For many, the goal of education is to equip themselves with marketable skills that will in turn position them to make a comfortable living. This view of education has resulted in certain disciplines coming to be viewed as more practical, in turn leading to the stigmatization of many non-technical fields. However, it may be posited that the advent of artificial intelligence will cause a significant re-evaluation of how we view education. As AI becomes more capable of providing answers to any questions we may have, our educational goals will shift toward fields that offer rewards in the search for answers, rather than simply in the discovery of them. Not only will there no longer be a pressing need for number-crunching, there will be a pressing need for answering the questions about how we use these tools now that we have them.
Furthermore, as AI advances, the fields that will likely avoid the encroachment of automation the longest will be those involving the soft, human skills that cannot be programmed.
The early indicators of this coming shift are already apparent. Most people would likely have laughed if a few years ago a philosophy major said they wanted to work for Google, and yet we are now seeing Google and other traditionally tech-oriented companies looking for advice on some of the philosophical questions arising from the development of AI.
Take self-driving cars for instance. The question of who an autonomous car should save in an unavoidable collision is a prime example of a question that cannot be solved with an equation or algorithm. Questions such as this will continue to arise, and as they do ‘marketable skills’ may come to encompass far more than it previously did.
Furthermore, as AI advances, the fields that will likely avoid the encroachment of automation the longest will be those involving the soft, human skills that cannot be programmed. Already, fields like finance, law, and medicine are undergoing a shift toward computers. A human role is still necessary, but at this point, it can now be leveraged with computers to an incredible degree. Algorithms, rather than people, are making investments. In a lecture about his work on using AI as a diagnostician, Jeremy Howard, a visionary in the field, explained that, “What we are doing here is replacing something that used to take a team of five or six [doctors] about seven years and replacing it with something that takes 15 minutes for one person.”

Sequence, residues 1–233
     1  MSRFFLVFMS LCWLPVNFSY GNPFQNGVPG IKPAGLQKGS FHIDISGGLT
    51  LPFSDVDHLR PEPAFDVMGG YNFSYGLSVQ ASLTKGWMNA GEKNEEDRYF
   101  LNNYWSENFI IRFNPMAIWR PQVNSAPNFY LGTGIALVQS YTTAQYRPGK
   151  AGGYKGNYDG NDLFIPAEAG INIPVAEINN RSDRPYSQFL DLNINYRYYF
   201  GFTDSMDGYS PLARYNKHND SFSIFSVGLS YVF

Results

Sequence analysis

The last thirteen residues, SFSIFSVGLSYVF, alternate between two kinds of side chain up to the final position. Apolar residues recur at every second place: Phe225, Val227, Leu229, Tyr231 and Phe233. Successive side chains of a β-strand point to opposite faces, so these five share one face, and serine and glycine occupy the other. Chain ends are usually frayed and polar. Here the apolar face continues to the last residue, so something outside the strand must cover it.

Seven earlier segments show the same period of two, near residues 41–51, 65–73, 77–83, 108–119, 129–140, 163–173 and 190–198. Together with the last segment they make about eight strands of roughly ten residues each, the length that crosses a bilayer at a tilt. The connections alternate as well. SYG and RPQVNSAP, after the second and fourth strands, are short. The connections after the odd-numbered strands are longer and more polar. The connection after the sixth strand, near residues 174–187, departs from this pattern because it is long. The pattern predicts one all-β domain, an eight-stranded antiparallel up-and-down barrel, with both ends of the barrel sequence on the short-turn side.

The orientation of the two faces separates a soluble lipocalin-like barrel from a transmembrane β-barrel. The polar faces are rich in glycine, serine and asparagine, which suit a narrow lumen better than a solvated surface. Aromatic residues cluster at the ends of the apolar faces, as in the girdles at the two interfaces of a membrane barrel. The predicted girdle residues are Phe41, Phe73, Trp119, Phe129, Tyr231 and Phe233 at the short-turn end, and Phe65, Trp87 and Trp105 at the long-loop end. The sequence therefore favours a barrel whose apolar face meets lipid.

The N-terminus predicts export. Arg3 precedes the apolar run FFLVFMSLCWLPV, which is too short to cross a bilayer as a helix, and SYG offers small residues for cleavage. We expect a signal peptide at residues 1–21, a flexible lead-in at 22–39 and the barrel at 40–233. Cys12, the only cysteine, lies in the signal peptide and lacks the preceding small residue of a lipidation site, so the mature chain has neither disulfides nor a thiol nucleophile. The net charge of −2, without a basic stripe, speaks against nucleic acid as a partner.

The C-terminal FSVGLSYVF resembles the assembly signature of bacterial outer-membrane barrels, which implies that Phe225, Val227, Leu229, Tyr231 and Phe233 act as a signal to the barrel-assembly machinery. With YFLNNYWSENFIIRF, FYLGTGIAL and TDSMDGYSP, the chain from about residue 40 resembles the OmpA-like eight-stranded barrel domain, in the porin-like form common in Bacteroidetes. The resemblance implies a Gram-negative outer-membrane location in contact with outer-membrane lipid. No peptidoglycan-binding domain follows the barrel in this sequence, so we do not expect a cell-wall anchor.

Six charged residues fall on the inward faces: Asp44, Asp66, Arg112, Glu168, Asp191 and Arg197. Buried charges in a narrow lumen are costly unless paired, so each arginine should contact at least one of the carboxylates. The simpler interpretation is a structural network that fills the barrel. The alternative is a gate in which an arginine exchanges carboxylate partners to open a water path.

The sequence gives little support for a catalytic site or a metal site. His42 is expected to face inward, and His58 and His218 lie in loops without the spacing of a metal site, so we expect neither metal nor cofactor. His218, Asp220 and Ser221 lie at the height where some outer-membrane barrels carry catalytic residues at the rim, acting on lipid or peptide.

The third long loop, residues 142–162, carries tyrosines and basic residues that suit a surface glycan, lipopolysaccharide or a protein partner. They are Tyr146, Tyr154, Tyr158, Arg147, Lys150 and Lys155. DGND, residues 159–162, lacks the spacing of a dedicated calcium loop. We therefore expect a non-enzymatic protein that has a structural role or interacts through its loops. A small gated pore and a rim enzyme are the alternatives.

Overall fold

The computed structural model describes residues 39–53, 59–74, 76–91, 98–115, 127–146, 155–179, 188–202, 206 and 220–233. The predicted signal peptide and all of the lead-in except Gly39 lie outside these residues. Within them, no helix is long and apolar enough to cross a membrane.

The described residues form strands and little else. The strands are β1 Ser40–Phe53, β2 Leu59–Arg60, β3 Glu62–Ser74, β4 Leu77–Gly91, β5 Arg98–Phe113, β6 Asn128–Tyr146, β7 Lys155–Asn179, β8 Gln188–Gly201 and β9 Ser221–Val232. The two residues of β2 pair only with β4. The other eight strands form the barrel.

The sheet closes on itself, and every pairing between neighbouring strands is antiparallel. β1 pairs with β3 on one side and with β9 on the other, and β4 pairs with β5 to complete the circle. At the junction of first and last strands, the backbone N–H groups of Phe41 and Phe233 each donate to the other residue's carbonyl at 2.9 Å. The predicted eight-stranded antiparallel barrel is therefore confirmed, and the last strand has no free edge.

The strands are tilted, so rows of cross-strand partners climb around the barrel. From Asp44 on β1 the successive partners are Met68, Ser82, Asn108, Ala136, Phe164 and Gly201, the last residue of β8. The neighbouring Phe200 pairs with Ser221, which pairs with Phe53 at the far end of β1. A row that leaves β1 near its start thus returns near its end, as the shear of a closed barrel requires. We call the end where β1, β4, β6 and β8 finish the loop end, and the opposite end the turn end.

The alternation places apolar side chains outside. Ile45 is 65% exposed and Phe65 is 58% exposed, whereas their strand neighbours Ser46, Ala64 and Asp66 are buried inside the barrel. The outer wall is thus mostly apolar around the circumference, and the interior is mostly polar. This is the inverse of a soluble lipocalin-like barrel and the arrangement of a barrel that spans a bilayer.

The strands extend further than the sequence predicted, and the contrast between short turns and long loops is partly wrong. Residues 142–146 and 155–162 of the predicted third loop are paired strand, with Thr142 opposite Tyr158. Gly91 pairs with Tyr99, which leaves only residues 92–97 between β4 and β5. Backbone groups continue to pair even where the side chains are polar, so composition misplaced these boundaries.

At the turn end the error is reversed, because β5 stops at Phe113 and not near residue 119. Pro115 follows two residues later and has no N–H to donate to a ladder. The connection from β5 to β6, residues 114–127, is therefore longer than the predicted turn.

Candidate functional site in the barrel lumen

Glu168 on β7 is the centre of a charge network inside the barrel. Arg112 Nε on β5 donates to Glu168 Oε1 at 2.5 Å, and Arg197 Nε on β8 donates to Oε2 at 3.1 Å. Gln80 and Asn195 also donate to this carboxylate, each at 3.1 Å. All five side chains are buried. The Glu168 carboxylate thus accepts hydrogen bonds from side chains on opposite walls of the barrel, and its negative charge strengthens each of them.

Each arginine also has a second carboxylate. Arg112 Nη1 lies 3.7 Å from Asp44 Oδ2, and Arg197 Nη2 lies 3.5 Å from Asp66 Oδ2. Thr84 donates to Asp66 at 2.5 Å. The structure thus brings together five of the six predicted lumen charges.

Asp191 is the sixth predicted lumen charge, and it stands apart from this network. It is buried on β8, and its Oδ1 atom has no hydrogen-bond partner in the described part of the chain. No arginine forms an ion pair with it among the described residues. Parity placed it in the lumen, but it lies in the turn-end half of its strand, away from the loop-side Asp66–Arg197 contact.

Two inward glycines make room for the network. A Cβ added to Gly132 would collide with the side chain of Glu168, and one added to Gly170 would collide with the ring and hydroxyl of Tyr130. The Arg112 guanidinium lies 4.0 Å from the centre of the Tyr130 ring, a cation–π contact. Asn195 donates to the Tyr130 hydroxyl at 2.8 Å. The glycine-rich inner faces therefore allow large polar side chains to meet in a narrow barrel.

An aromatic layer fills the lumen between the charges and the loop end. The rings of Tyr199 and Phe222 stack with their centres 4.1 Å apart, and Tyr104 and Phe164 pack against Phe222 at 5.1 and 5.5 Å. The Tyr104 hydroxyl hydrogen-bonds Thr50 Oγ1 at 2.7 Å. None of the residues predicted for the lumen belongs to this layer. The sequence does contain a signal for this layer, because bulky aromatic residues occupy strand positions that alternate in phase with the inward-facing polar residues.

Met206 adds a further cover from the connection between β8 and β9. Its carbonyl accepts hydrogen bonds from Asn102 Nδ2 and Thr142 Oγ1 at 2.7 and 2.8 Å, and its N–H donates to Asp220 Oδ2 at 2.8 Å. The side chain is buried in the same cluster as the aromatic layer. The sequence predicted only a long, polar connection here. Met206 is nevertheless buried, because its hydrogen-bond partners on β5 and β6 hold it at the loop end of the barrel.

But these are only the short-sighted reasons for why the humanities will regain relevancy as we continue along our technological trajectory. The real need for a re-examination of priorities will arise when, as a society, we are faced with the prospect of a work-free world. While it is difficult to imagine such a reality, it is more likely than not to happen relatively soon. Most experts make estimates that human-level artificial intelligence will be achieved by 2042. Even accounting for excessive optimism by doubling the estimate puts the arrival of human-level AI only 50 years away.
Once we reach the point where computers are capable of human-level intelligence, humans will have no place in the labor market.
Once we reach this point, it will likely be too late to exert meaningful influence over how AI is incorporated into our society. This means we need to start planning for it now by adjusting our priorities accordingly. The incentives for studying disciplines within the humanities are already there if one looks only slightly into the future, and they will only become more apparent in the coming years for the reasons I’ve pointed to. Now is the time to examine our past strategies and learn how we can improve them for the future.
So far in human history we have gravitated toward science and technology as a means of solving our problems, but has this worked? Sure, advances have done incredible things for our standards of living, but there are clearly still many things wrong with the world. This is because developing tools is only one side of solving a problem. The other is knowing how to use them.
Once we reach the point where computers are capable of human-level intelligence, humans will have no place in the labor market. Human intelligence coupled with the power of computers (perfect memory, near-instant calculative ability, etc.) will make us clear inferiors at almost any task. This represents both a threat and an opportunity. The only way to realize the opportunity and avoid the threat is by vastly increasing our ability to have an intelligent discourse about how we design society.
This can only be done if we reorder our priorities. A return to the humanities and liberal arts is the only way we can begin to develop a more holistic framework with which to solve these problems, and this will only become more apparent in the future. Having reached a culmination of sorts with our technological advancement, we can now begin to address how best to use the unprecedented toolset we have.
As a society, we are only as strong as our weakest aspect, which, as evidenced by the easily observed global anxiety and unrest, is clearly our economic and societal structures. Without developing our capability to discuss these topics in a meaningful way, we’ll be stuck with all the drawbacks of our technology, but only a fraction of its benefits.
There should be room for the study of every subject in our education system. For far too long, we have allowed our decision-making to be shaped by the short-term. As we approach the steepest part of the exponential curve of technological development, this approach will no longer be sustainable. As computers advance, humans need to reassess our role in the world. It is only logical that the place for humans will be in the humanities.